Eventually, they took two more steers. The owner of the cattle, DeTar Livestock of Dixon, California, was paid $3,660 in compensation from the Klamath County Wolf Depredation Committee. And after the third loss, Stephenson began his vigil. Wampler told Stephenson he understood the real reason he was working so hard to avoid yet another kill: “You are not protecting these cattle from the wolves; you are protecting your wolves from these cattle.”
Stephenson acknowledges that the fame of this particular wolf figures into the amount of effort he’s putting in. “It would take an extreme situation for us to order a removal of OR7,” Stephenson says.
However, even here on the wolf frontier, the fate of a single animal hardly matters, given the likely spread of these smart, flexible predators, who know how to move and take advantage of local resources, says Mike Jimenez, a recently retired wolf biologist. And so he supports early lethal control of livestock-killing wolves to encourage tolerance in rural residents. “You give wolves a little bit of protection and don’t indiscriminately kill them, and then take care of the problem ones, they come back ferociously,” he says.
Robert Klavins, the northeast Oregon field coordinator for Oregon Wild, does not believe that wolves will inevitably cover Oregon. The state’s population, around 110 animals in 12 packs, is still far too small and thinly spread to assume they are here to stay, he says. “I think it is pretty premature to start talking about when do we start killing wolves in western Oregon.”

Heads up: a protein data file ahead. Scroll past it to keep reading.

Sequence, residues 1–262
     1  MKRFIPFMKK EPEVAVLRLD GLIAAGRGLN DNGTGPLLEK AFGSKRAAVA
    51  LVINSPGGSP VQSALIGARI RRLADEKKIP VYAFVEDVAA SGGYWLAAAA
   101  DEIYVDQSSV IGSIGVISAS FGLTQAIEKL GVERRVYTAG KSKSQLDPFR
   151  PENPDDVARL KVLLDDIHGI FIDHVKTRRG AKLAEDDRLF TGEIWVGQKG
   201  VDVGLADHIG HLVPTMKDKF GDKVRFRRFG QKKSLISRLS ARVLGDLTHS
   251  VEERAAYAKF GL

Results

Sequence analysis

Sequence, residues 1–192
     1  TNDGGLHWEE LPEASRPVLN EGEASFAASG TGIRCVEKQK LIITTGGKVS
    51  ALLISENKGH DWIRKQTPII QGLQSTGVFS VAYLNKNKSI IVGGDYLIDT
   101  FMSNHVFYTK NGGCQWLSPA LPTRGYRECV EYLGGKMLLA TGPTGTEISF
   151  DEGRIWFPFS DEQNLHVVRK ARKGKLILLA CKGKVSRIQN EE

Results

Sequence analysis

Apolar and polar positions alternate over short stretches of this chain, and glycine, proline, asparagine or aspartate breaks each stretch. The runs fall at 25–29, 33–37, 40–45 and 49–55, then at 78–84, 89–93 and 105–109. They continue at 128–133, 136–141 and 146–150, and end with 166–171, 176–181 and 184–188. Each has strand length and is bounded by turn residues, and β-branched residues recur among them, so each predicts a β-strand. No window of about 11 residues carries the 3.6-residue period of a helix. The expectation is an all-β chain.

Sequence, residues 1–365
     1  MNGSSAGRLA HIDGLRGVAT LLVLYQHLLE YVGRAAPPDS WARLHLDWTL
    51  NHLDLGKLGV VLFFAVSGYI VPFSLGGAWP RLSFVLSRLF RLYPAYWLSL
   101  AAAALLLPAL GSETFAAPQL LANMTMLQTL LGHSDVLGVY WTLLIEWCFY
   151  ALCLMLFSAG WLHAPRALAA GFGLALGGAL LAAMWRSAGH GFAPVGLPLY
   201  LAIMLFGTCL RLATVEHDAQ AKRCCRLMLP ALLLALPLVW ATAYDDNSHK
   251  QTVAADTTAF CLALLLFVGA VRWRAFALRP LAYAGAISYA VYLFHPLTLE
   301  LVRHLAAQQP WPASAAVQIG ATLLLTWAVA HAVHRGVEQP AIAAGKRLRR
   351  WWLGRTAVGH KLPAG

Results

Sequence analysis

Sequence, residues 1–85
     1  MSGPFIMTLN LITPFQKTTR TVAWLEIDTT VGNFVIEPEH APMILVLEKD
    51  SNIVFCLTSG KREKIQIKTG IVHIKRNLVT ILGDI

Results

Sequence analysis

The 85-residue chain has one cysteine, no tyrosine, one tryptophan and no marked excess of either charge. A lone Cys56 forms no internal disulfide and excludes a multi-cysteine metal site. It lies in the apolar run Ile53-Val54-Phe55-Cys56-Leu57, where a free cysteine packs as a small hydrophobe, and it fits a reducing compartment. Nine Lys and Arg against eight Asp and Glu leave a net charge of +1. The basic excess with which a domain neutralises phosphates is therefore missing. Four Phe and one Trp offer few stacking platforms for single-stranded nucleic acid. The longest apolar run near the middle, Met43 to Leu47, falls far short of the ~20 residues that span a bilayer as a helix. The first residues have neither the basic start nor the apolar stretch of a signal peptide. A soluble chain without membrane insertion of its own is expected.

Wolves haven’t colonized all of the West’s suitable habitat, including parts of Utah, Colorado and Nevada, but they have expanded faster and more broadly than expected. Twenty-one years after the first wolves were moved from Western Canada to Yellowstone, there are approximately 1,900 wolves in the Northern Rockies and Pacific Northwest, plus another 3,610 in the robust Great Lakes population and 65,000 in Canada and Alaska. Wolves have already been delisted in Montana and Idaho, which now have hunting and trapping seasons. They’ve also been delisted in the eastern third of Oregon (without legal hunting or trapping), and the state has removed the species from its endangered species list.